Just because an artist is doing their best music doesn't mean the public will follow. Rick Nelson arguably bettered his late 50's/early 60's records when he recorded with the Stone Canyon  Band in the 70's. Critically, those albums are well regarded, but aside from She Belongs to Me and Garden Party, they didn't mean much in terms of commercial acceptance.
But I can imagine a long haired, sunglass-wearing Buddy showing up at Madison Square Garden in 1971 and getting a similar reception to Nelson.

But you can't compare Ricky Nelson to Buddy. Had Buddy lived,  the entire course of popular music would likely have changed as a result. The Beatles (and so many others) were immensely influenced by Holly's death. Take Buddy's death out of the equation and the Beatles' change. Change the Beatles and ALL the rules from the 60's and 70's onwards are changed.

Had Buddy lived he probably would have hit his peak creatively/commercially around 1964 (27 years old seems to be the creative/commercial peak for many big acts).

Who knows? It's kind of interesting to speculate about though.
Rick was roughly 29-32 when he hit his creative peak.  So I can see that for Buddy as well. But I still think he would have been wiped out by the British Invasion; might have had a few hits in later years. If you stick around long enough, people eventually rediscover your music, as happened with the Everly Brothers in the 80's, and Roy Orbison.
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« Reply #32 on: December 21, 2016, 08:58:52 PM »

Rick was roughly 29-32 when he hit his creative peak.  So I can see that for Buddy as well. But I still think he would have been wiped out by the British Invasion; might have had a few hits in later years. If you stick around long enough, people eventually rediscover your music, as happened with the Everly Brothers in the 80's, and Roy Orbison.
Agree again. We shouldn't overestimate Buddy. He's not be-all end-all. Beatles were influenced by many artists. Yes, he was good, jolly good. But he wasn't the best of the bunch. I never bought into "The day music died" thing. Such stupid statement. The Beatles kept going, if they were affected, not to the degree to call it a day & give up. They moved forward & underwent many changes bent with the styles etc.
I doubt Buddy would stick around in music business to the 80s.
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« Reply #33 on: December 21, 2016, 09:01:07 PM »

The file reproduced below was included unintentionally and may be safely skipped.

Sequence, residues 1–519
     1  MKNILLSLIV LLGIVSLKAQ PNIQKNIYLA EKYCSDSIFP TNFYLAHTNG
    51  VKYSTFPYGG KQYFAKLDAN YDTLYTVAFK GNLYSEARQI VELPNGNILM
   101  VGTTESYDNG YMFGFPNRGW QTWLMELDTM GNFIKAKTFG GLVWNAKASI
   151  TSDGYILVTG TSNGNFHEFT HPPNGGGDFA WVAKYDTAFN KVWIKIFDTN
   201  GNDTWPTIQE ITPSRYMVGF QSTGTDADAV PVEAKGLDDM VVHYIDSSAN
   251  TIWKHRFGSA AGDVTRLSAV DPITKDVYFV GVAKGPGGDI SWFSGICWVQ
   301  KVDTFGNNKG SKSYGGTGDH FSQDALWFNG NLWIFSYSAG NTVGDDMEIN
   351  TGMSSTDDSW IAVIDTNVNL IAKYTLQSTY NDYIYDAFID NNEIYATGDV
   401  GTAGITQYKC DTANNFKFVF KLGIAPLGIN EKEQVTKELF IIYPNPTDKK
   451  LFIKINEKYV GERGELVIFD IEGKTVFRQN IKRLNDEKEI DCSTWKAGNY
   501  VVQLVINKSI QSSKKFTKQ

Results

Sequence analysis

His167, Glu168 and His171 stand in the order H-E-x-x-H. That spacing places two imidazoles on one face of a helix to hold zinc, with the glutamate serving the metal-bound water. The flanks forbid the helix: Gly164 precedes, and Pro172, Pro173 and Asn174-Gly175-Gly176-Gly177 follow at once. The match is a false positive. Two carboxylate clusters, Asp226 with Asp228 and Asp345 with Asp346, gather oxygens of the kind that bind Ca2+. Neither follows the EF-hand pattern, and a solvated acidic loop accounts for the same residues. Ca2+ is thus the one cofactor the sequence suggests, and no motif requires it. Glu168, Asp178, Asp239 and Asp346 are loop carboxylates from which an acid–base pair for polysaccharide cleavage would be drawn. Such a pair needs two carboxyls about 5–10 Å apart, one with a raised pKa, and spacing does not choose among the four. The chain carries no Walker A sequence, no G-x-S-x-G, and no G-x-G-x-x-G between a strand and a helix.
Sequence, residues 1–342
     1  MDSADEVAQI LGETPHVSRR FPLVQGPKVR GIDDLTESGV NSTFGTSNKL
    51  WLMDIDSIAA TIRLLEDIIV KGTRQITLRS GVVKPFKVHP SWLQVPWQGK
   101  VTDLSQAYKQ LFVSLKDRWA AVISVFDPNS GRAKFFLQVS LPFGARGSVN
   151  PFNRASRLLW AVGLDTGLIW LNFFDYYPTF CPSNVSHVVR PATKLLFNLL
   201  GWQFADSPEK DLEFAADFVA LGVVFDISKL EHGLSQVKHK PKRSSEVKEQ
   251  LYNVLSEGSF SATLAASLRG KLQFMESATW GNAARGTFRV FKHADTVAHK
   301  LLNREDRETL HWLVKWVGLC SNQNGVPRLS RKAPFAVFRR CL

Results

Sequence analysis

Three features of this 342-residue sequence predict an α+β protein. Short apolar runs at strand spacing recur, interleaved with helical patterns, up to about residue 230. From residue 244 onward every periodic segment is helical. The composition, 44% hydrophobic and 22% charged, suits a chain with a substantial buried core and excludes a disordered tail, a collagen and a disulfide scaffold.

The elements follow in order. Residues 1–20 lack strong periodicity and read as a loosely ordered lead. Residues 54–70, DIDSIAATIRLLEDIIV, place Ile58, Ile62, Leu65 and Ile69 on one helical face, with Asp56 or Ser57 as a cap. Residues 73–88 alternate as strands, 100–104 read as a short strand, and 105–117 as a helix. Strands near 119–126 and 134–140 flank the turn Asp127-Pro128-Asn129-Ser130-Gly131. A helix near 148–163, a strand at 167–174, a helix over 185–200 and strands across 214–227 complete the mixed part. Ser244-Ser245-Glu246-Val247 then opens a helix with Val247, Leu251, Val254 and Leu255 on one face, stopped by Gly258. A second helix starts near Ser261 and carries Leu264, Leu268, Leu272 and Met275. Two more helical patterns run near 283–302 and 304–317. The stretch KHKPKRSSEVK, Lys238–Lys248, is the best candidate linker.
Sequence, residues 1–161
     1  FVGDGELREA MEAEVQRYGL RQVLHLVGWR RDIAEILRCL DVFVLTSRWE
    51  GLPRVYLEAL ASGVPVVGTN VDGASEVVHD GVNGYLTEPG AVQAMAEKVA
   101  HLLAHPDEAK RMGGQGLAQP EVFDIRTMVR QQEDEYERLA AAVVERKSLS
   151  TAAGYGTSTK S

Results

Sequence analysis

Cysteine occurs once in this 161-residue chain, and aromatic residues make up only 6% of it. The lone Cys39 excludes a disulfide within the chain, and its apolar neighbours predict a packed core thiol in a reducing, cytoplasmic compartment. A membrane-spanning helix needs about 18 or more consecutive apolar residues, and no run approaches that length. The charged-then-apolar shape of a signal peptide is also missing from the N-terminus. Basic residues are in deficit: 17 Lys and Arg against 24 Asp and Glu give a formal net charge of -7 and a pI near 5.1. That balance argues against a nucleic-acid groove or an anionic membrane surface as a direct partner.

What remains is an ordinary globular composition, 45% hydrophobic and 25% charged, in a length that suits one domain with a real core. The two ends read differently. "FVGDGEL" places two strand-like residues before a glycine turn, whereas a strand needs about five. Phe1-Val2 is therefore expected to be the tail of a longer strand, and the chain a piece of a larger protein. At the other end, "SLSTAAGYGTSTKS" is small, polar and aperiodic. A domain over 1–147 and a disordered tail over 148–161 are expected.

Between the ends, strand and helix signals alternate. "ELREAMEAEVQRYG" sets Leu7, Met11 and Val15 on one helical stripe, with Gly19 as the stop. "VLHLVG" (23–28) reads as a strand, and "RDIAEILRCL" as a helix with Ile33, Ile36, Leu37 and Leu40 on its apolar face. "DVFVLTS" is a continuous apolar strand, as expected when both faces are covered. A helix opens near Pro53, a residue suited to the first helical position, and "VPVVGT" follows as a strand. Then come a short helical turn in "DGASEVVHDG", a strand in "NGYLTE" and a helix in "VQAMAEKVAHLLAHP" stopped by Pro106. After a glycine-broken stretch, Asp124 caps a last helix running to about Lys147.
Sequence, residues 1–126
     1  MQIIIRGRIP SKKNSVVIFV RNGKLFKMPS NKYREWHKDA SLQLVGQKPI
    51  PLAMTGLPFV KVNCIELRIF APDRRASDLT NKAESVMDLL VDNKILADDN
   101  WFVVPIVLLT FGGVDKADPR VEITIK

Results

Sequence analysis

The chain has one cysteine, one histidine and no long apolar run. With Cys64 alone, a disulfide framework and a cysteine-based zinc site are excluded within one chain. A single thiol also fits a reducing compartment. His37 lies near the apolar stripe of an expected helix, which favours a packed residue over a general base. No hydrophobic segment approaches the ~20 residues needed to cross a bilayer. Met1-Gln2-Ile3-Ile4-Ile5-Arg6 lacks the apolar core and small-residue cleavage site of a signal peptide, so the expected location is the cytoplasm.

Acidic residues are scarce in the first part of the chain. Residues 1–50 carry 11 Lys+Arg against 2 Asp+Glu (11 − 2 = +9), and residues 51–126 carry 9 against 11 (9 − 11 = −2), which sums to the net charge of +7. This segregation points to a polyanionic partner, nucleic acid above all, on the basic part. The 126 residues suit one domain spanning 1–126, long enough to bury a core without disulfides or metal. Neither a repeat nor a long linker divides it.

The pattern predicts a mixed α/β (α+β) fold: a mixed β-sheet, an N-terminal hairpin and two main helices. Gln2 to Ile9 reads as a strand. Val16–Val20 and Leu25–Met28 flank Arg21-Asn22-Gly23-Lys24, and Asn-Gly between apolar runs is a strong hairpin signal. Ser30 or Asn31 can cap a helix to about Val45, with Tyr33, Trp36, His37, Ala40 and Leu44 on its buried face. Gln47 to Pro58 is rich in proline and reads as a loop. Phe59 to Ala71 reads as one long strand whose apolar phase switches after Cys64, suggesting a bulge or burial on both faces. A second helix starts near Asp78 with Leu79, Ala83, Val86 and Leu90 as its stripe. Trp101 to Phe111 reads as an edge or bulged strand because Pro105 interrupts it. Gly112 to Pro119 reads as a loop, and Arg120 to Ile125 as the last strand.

I don't believe the British Invasion would have happened had Buddy lived. That is my point.
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« Reply #34 on: December 21, 2016, 09:04:44 PM »

I disagree. But I was talking generally, that Buddy isn't too big (& only) influence to Beatles (or anybody for that matter).
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« Reply #35 on: December 21, 2016, 09:06:39 PM »

I disagree. But I was talking generally, that Buddy isn't too big (& only) influence to Beatles (or anybody for that matter).

I don't think you could be more wrong. A Grand Canyon in our difference of opinion.  LOL
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« Reply #36 on: December 21, 2016, 09:09:19 PM »

You can't know for sure too. You just speculate, just like any poster here.
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« Reply #37 on: December 21, 2016, 11:07:30 PM »

Some people just shouldn't be allowed to comment on music.
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« Reply #38 on: December 21, 2016, 11:14:06 PM »

Buddy was just one of many influences on the Beatles. Chuck Berry was a huge influence on them, especially John. I'm sure one of the highlights of his life was sharing the stage with Chuck on the Mike Douglas show in 1972. Paul was a huge fan of Little Richard, he learned how to do "Lucille" and "Long Tall Sally" almost as good as the Originator. George idolized Carl Perkins, wanted to play guitar just like him - and I think he succeeded. Remained friends with him for many years. Even in the years when he was out of the biz, he gladly grabbed his guitar to jam with Carl for an HBO special. The Everly Brothers are an obvious influence on the Beatles' harmonies, and if you sat down and talked with them about music, they would rave about Johnny Burnette and the Rock and Roll Trio, Gene Vincent, Bo Diddley, Jerry Lee Lewis, and yes, even Ricky Nelson (especially his guitar player James Burton).
Buddy was no different than other stars of the pre-British era. Roy Orbison had a #1 record the year the British invaded, but it would be his last major hit stateside for many years. After the Beatles hit, if you didn't comb your hair forward or perform as a member of a group, you were old hat. The kids wanted a new image, a new style they could call their own. It amazes me the 4 Seasons survived the onslaught of the British, because they definitely had the old look, but they were the exception.